President Lyndon B. Johnson authorized the Immigration and Nationality Act (INA) on October 3, 1965, during the mid-Cold War period (Kennedy 2019). The INA changed America’s formerly biased policy to reunite immigrant families as well as encourage skilled workers from other countries to establish a new life in the United States (History 2019). As a result, immigration to the United States soared throughout the 1960s and 1970s as people sought to start a new life free from “poverty or the hardships of communist regimes in Cuba, Eastern Europe, and elsewhere” (History 2019, under “Immediate Impact”). The number of immigrants from Asian countries to the United States was considerably high on account that they were now allowed to migrate to the United States; moreover, many of these immigrants sought to relocate to the United States from “war-torn Southeast Asia” (History 2019, under “Immediate Impact”).

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Father Lydio F. Tomasi’s Contributions to Worldwide Refugees in the 1980s

Authored by Sonia Lau

This letter is written to Father Lydio Tomasi on January 19,1983 from Eugene F. Higgins thanking him for his contributions and insights regarding refugee situations that is happening around the world during the 1980s. It is part of the Directors’ Files of CMS Collection #084A, Box 4, Folder 41.

Immigration has had an enormous role in shaping the United States as a nation. There are many reasons for one to immigrate and such decisions are major and life-changing. Conflicts between nations, as well as economic turmoil, displace millions of people all over the world. What happens when the people are forced to flee their homelands to escape and seek refuge in another nation? Thus, immigration becomes an essential topic for understanding and discussion. With such need, people like Father Lydio F. Tomasi, along with a few of his community of Catholic priests, nuns, and laypeople founded the Center for Migration Studies. Continue reading

The Positive Impact of Amnesty from the Immigration Reform and Control Act

Authored by Cecilia Wang

The letter was written by Romano L. Mazzoli in Washington, D.C.,1983. He appreciated that Lydio F. Tomasi wrote an excellent editorial in Migration Today, reflecting the balance of two provisions in Immigration and Reform Act of 1983. Mazzoli was one of the cosponsors of the IRCA, and the U.S. House of Representatives from Kentucky. This correspondence letter is part of the CMS Directors’ documents, which can be found in the CMS collection #084A; Box 4; Folder 41.

Immigration Reform and Control Act (IRCA, or the Simpson–Mazzoli Act) had been introduced to the Senate since 1981. However, it took five years of debates until it was passed by the U.S. Congress. It was signed into law by President Ronald Reagan on November 6, 1986. The IRCA has two major provisions that are of focus. Firstly, it established penalties for employers who hire undocumented immigrants. Second, it addressed legalized undocumented immigrants who had arrived in the country before January 1, 1982. By far, the IRCA has granted the largest scale of amnesty in U.S. history, since almost three million undocumented immigrants benefited from the legalization program.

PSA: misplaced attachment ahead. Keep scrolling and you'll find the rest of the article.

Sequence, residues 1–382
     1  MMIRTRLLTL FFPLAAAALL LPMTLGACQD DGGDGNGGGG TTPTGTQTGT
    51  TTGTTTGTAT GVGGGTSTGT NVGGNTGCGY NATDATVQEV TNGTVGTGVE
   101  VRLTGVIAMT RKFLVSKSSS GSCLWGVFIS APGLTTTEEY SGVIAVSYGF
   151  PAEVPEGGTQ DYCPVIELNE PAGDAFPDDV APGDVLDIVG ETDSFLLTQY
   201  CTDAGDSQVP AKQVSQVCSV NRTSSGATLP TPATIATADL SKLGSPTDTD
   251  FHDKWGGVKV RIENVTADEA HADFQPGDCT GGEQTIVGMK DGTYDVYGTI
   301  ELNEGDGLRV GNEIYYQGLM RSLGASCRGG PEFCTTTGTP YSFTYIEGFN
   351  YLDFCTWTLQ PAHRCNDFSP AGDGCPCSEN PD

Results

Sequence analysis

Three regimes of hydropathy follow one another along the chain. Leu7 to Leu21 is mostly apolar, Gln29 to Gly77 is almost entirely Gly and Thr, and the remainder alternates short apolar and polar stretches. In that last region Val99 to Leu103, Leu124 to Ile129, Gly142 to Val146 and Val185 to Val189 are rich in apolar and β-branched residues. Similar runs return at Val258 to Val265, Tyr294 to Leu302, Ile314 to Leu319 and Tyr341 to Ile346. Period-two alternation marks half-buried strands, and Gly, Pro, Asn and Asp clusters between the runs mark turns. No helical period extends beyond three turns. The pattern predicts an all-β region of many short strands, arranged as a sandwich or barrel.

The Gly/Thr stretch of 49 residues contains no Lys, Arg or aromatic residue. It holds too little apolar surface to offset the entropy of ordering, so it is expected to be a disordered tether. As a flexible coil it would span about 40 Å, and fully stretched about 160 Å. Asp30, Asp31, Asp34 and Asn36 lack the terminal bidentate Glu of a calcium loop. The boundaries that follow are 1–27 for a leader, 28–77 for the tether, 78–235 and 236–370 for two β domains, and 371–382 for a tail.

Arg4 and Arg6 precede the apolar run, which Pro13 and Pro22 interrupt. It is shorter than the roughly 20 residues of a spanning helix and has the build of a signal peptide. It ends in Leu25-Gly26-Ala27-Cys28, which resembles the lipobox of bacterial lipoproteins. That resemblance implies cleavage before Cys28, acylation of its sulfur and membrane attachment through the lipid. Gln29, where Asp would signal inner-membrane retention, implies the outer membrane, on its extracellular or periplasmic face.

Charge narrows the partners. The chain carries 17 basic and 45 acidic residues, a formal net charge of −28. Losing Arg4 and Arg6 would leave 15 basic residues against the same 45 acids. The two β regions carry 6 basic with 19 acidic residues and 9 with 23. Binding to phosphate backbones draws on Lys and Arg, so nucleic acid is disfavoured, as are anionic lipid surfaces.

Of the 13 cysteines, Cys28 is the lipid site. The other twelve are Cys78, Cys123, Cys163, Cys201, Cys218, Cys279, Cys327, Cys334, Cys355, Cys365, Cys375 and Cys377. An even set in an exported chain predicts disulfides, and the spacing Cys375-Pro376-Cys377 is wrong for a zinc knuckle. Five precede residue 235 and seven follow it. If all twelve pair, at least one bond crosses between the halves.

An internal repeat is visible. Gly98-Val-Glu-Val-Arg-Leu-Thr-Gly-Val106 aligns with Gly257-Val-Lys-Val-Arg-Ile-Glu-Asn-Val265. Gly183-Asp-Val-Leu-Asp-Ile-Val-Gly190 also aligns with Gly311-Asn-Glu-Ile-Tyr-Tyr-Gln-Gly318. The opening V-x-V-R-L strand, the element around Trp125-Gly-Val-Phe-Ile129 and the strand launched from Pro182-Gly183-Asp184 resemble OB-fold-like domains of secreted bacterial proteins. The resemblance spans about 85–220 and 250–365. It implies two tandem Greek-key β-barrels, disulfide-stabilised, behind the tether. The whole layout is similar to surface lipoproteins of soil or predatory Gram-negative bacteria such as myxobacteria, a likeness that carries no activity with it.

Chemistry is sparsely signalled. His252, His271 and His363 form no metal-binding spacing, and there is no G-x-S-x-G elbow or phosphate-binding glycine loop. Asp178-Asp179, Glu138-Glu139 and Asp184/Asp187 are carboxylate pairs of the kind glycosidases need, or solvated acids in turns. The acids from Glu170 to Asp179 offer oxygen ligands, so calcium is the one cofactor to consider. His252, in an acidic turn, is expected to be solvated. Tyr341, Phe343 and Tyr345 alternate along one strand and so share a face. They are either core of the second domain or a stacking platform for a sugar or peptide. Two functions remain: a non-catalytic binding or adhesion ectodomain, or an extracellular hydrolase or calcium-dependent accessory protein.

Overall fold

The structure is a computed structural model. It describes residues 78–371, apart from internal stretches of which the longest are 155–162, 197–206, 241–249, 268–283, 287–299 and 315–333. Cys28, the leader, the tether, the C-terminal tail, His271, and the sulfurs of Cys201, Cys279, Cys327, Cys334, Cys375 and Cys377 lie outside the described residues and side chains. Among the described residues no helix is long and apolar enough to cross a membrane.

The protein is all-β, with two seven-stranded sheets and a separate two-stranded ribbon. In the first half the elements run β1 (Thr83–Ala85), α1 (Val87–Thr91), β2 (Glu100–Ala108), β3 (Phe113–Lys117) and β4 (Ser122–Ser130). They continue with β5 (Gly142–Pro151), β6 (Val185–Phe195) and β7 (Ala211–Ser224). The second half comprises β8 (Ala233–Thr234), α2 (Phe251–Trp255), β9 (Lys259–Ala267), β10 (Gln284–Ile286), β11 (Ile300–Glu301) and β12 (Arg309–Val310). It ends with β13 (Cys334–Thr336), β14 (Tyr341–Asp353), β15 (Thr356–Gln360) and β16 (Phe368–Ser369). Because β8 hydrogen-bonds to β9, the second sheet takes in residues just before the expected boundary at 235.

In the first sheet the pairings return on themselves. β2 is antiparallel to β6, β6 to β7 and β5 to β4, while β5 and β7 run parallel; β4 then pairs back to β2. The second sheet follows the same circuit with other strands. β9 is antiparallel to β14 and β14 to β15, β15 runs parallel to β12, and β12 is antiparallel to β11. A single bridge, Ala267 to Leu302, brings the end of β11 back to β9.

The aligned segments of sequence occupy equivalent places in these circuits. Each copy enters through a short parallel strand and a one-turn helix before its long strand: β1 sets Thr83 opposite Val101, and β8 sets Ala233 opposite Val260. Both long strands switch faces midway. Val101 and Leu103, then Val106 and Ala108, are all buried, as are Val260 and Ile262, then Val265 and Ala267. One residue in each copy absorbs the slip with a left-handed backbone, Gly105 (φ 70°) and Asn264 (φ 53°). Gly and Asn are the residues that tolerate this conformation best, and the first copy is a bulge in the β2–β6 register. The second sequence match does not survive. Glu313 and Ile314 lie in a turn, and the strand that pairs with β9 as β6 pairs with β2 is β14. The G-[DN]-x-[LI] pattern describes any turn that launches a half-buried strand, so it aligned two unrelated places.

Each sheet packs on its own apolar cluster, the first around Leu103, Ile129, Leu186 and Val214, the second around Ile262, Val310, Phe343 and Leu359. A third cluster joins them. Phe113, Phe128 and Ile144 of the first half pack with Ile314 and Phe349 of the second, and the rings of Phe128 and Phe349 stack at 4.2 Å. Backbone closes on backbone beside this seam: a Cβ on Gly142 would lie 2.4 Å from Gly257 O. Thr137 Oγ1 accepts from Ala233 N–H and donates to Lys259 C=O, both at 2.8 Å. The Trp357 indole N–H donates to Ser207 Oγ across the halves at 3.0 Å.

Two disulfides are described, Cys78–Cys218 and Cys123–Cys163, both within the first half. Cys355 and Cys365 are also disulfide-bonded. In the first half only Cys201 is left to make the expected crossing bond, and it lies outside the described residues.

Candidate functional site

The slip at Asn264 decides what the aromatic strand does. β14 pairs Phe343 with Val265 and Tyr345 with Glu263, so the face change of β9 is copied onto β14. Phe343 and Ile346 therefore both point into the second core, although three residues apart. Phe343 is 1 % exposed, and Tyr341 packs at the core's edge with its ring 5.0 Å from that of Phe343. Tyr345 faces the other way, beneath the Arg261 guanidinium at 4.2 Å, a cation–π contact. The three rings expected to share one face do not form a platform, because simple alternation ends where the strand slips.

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Immigration Reform: Not a 21st Century Idea

Taken during a meeting between President John F. Kennedy and the American Committee for Italian Migration (ACIM) on October 12, 1963. During this meeting, President Kennedy promised to send his proposals on immigration reform to congress.

Authored by Coreen Getgen

Immigration has been one of the hottest topics in recent politics. As a nation, we have treated this topic as something that is new and radical. In all actuality, immigration and immigration reform have been major political topics for much longer than the past few years. Continue reading

I Nostri Bambini: A Glimpse at the Work of the Italian Welfare League

Authored by Maxwell Schafer

A bright pink flier announcing a gala luncheon and fashion show to be held by the Italian Welfare League. Featured "Man of the Year" is Rudolph Giuliani, and "Woman of the Year" is Susan Lucci. Honoring Aprile Millo.
Image of a flier for a gala luncheon and fashion show hosted by the Italian Welfare League to raise funds for their work. Published in 1989.

In the summer of 1929, Mrs. Giustina Micono and her son arrived at Ellis Island from their home in Naples, Italy (“Death” 1929). Her husband had made a similar trip six years before, saving money to eventually send for them, but perished tragically while constructing a skyscraper just one day after the ship his family was aboard departed for America. Without money or a husband with a job, Mrs. Micono faced almost immediate deportation, but was saved by the Italian Welfare League, which fought on her behalf to be allowed entry, and won.

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Lasagna Dinner: From Tradition to Community

Authored by Victor Otero

Taken during the first Lasagna Dinner, a Holy Rosary annual fundraiser, this photograph shows the parish women who came up with the idea, left to right: Pat Bennet, Mary R. Catucci, Eleanor Eisman, Anita Segreti, Mary G., and Rosalie Pappano.

Italian immigrants into the United States represented ethnic/regional and job entitlements. The immigrants originated from different parts of Italy and worked in specific fields and job titles in the native nation. During the period from 1880 to 1915, millions of Italians migrated out of Italy into the US. While in America, the immigrants faced numerous challenges. The immigrants did not understand the English language and had little formal education; therefore, they were forced to take low wage manual labor jobs (Connell 2019). As a result, they were often taken advantage of by the intermediaries who served as go-betweens between them and the potential bosses. Most Italians saw the US as a place that could offer jobs that the unskilled and uneducated Italians peasants like they could do.